Minimum Wage Increase May Adversely Impact Restaurant Employers
Wednesday, 10 July 2019 () What New Jersey Employers Need to Know
Atlantic City, N.J., July 10, 2019 (GLOBE NEWSWIRE) -- Your company has likely received numerous e-mails and notifications to remind you that, effective July 1, 2019, the minimum wage in New Jersey has increased to $10.00 per hour. However, the impact of this increase, and future increases, on employers of tipped staff has not been adequately addressed in the mainstream discussions of the change. Here’s what employers need to know.
For tipped employees, the July 1, 2019 increase brings the employee’s required base pay to $2.63 and increases the amount of the available tip credit to $7.27. This cash base pay and the tip credit, when added together, equal the state’s regular minimum wage. Along with the minimum wage, the wages for tipped employees are set to increase at regular intervals through January 1, 2024. When the regular minimum wage will be $15.00, the required cash wage will be $5.13, and the allowable tip credit will be $9.87.
The trouble emerges when employers seek to comply with the Fair Labor Standards Act [FLSA]. One requirement of the Act is that the tip credit “claimed by the employer cannot exceed the amount of tips actually received by the tipped employee.” Many businesses have had difficulty with insufficient tips in their “off season” or on “slow shifts.” The result is that their tipped staff is not receiving sufficient tips to cover the full amount of the tip credit claimed by the employer. This means that the employee is not being paid the mandated minimum wage. The FLSA requires that the cash wage paid to an employee and their tips, when combined, equal at least as much as the state’s minimum wage. While this was sometimes an issue when the tip credit was a mere $6.72, in less than five years, the amount of the available tip credit will increase significantly to $9.89 per hour. We expect a substantial uptick in those employees who claim that their tips received are not sufficient to cover the tip credit claimed. Accordingly, businesses who do not track their employee’s tips must keep a careful watch on their total sales to ensure that sufficient tips are likely being earned.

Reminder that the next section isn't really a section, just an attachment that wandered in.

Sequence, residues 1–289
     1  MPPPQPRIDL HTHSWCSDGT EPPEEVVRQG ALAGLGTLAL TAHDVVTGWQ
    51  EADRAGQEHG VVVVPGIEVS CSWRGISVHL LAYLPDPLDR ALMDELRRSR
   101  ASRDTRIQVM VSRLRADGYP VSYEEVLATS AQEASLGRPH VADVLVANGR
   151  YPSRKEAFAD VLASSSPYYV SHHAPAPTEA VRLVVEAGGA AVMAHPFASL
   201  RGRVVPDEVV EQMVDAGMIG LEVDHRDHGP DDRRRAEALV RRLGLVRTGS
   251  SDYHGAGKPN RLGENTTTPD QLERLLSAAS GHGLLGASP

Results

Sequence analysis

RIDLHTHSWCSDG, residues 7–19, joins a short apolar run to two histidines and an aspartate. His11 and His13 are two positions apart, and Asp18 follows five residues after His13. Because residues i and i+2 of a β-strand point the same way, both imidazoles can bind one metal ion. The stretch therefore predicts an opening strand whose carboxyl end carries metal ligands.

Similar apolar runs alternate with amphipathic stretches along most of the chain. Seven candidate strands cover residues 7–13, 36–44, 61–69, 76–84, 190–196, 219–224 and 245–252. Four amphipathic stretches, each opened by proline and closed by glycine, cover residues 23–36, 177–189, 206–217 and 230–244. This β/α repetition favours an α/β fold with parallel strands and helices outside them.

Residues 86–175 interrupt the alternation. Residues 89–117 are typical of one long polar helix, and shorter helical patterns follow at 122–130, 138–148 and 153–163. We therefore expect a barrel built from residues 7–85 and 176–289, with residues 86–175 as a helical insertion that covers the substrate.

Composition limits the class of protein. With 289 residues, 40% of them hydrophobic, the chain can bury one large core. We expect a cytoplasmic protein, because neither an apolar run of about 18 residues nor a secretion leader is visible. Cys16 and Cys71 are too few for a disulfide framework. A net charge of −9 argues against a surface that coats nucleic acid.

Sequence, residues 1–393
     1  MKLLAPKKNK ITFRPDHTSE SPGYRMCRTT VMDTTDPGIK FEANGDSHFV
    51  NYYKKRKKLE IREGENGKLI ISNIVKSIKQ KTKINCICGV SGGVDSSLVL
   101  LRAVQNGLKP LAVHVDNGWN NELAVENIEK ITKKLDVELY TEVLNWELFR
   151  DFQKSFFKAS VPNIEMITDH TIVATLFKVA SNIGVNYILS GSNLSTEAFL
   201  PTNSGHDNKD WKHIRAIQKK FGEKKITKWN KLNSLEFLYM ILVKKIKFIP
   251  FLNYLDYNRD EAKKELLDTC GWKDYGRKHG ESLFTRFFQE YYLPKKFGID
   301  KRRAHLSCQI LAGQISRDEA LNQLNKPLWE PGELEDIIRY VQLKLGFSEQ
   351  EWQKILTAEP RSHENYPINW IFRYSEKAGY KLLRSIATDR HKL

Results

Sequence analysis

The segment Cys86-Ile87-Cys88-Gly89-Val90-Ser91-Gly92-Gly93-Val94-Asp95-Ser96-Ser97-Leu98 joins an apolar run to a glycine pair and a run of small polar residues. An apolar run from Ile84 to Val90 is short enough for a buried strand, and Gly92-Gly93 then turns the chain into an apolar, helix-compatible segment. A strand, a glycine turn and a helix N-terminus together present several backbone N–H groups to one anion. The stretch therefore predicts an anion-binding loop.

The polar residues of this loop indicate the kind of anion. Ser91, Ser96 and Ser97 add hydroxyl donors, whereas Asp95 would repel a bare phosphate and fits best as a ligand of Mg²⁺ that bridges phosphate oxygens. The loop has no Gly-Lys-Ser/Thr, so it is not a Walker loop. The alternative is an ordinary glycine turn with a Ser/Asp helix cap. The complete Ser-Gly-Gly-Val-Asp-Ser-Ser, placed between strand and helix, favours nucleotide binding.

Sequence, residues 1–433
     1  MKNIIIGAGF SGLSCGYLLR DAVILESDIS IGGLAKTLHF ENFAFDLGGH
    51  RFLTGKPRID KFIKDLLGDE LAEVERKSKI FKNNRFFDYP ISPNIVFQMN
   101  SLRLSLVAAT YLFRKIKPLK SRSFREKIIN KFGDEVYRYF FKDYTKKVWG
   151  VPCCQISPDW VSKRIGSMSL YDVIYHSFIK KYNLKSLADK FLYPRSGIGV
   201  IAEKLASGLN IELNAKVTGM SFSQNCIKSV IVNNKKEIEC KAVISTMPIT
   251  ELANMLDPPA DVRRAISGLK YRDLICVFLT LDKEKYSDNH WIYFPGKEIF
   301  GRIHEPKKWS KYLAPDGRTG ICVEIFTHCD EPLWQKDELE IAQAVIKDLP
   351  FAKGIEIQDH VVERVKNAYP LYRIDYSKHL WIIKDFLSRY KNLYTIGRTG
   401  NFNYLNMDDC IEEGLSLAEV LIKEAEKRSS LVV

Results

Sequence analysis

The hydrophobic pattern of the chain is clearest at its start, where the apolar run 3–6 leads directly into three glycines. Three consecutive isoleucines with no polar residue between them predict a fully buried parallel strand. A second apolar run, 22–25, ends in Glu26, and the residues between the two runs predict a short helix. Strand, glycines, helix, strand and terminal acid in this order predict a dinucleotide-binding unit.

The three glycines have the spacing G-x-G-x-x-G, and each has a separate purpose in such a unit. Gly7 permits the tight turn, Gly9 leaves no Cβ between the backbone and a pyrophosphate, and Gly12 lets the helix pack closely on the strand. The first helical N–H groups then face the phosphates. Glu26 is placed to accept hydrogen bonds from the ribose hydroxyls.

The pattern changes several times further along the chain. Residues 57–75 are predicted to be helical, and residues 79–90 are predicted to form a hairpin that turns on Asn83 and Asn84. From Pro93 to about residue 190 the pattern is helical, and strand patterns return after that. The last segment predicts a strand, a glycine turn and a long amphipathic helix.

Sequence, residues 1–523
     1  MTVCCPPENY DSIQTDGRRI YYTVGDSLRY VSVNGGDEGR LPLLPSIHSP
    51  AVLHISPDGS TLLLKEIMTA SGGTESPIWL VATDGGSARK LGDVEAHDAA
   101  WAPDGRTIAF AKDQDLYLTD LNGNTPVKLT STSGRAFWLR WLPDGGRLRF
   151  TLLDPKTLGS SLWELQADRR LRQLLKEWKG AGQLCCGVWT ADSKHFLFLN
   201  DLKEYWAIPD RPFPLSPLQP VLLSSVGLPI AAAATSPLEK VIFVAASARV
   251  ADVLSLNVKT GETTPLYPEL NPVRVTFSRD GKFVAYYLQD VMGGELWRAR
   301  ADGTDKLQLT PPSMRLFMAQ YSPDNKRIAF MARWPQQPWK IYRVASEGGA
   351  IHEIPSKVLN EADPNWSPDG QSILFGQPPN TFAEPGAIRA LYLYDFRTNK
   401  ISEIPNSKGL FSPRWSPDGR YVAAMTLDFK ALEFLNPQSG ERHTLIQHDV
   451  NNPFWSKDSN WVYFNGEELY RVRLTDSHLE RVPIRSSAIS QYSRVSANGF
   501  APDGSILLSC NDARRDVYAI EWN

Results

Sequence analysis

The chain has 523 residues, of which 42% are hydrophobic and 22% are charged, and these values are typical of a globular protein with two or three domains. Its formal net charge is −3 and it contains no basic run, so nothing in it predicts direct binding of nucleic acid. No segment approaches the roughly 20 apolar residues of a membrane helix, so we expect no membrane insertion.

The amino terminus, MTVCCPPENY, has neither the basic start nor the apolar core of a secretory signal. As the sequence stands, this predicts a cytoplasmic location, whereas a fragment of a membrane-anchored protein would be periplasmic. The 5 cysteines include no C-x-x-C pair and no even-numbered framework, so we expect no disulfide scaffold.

If a tipped employee’s tips are not sufficient to cover the amount of the tip credit, the violation is the loss of the entire tip credit for the period in question. Often lawsuits for such violations are brought by groups of employees. For chain restaurants or larger independent operations, the damages could quickly multiply and become insurmountable. In addition to the lost wages, impacted employees would be entitled to the payment of their own attorney’s fees for bringing the action against your company.
It would be prudent to consult an attorney who has the restaurant and hospitality experience to help defend your company in such litigated matters and, better yet, who can help prevent them from occurring through proper planning and consultation.
Author Amy E. Rudley is a partner in the Atlantic City office of Cooper Levenson Attorneys at Law. She focuses on the areas of employment law, hospitality and casino law, and defense litigation including civil rights litigation and premises liability.
Cooper Levenson is a full service law firm since 1957, with offices in New Jersey, Delaware, Florida, Nevada, and New York.
CONTACT: Donna M. Vecere
Cooper Levenson, Attorneys at Law
609.572.7362 [email protected]